The ontological contradiction at the heart of the play is there unknowingly in that last sentence. A man may think that he moves the engine but it is actually ‘de engines’ that move ‘de woild.’ It was the ensemble skill and the conceptual brilliance of the Wooster Group that they were able to use the very illusion of representational theatre to reinforce that essential paradox. All aspects of the production—choreography, sound design, lighting, stage management—worked to develop the illusion that the metal construction could be made to move, could be shifted, could be ‘worked’ by the humans working on it (a couple of times, Willem Dafoe as Yank with seeming superhuman effort ‘lifted up’ the enormous grid with a roar of triumph—the reference was of course to King Kong and his even more illusionistic filmic brethren). In fact the set remained implacable, unchanging throughout and what we were most aware of was the sheer skill necessary for the actors to survive on this dangerous construction.

What did change, however, were the locations that the set represented throughout the play: stokehole, promenade deck, Fifth Avenue New York (the World Trade Center once occupied the bottom end of Fifth Avenue), a prison and finally the monkey house at the zoo. Wherever Yank went, whatever aspect of the world he encountered it had the same shape, made of the same material, needed to be negotiated in the same way—so that finally the set became experientially what it already was conceptually and metaphorically; an image of the world itself, the engine that will seduce us to believe in our own power but will finally trap us and crush us to death.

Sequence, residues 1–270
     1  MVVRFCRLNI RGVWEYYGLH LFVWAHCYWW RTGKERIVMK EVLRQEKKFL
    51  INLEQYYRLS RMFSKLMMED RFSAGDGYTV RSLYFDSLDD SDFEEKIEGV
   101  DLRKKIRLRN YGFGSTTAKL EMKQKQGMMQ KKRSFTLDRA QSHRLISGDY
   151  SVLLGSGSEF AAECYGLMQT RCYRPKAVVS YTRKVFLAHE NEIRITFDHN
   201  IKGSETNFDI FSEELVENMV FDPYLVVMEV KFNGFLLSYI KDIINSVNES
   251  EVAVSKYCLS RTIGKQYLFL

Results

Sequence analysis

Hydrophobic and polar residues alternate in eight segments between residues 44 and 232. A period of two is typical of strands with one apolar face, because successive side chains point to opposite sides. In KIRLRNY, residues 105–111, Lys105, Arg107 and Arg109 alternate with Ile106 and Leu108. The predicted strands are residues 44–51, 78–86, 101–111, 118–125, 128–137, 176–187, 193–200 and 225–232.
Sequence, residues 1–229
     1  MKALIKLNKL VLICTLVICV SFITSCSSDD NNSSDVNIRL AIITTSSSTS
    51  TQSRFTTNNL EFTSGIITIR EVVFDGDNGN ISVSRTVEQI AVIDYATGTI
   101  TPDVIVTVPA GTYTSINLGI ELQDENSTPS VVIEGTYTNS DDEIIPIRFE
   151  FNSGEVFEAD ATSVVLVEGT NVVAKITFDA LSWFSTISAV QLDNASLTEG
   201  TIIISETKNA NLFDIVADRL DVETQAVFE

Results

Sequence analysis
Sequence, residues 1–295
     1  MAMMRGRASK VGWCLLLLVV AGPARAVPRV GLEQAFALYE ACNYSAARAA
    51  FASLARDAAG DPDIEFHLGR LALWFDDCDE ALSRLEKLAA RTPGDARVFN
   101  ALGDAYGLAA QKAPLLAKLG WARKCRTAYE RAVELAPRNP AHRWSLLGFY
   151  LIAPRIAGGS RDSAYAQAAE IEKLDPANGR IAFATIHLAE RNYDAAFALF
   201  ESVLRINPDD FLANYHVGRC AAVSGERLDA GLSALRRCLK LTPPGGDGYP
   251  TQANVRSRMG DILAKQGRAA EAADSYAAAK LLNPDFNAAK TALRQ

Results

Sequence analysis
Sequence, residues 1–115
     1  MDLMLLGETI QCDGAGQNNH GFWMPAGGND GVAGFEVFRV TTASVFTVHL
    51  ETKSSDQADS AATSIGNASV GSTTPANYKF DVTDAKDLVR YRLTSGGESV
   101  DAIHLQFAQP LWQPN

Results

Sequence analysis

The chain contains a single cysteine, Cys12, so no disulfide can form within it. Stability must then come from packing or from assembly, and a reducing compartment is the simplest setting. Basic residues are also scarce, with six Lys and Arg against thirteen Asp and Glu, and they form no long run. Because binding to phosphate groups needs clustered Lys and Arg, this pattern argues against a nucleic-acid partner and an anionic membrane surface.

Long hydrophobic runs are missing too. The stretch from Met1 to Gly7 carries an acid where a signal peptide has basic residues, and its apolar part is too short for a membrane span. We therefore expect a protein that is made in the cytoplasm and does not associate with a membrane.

In the November issue of Interview magazine is a remarkable photograph of Ground Zero by Bruce Weber. The mound of rubble towers above the firemen, policemen, ambulance men (the current working class heroes—the Yanks) most of whom stand, for this moment at least, immobile, facing the impossible task of peeling back the girders and concrete that have crushed their fellow humans. In the surrounding mist, almost indistinguishable from the skyscrapers that hover in the background, are a series of tall wooden scaffoldings lining the skyline. Are they part of the original construction or have they been placed there to hold the rubble in, to stop it spreading across the city? They are Brechtian in their insubstantiality, bits of stage machinery to remind us of what had been there and of how unreal the whole sham of the specular actually is. Two pages earlier at the start of his photo essay, Weber has a view of Manhattan from the sea, as we remember it, the twin towers still dominating the downtown skyline. Now it is here, now it is gone. Presence/absence.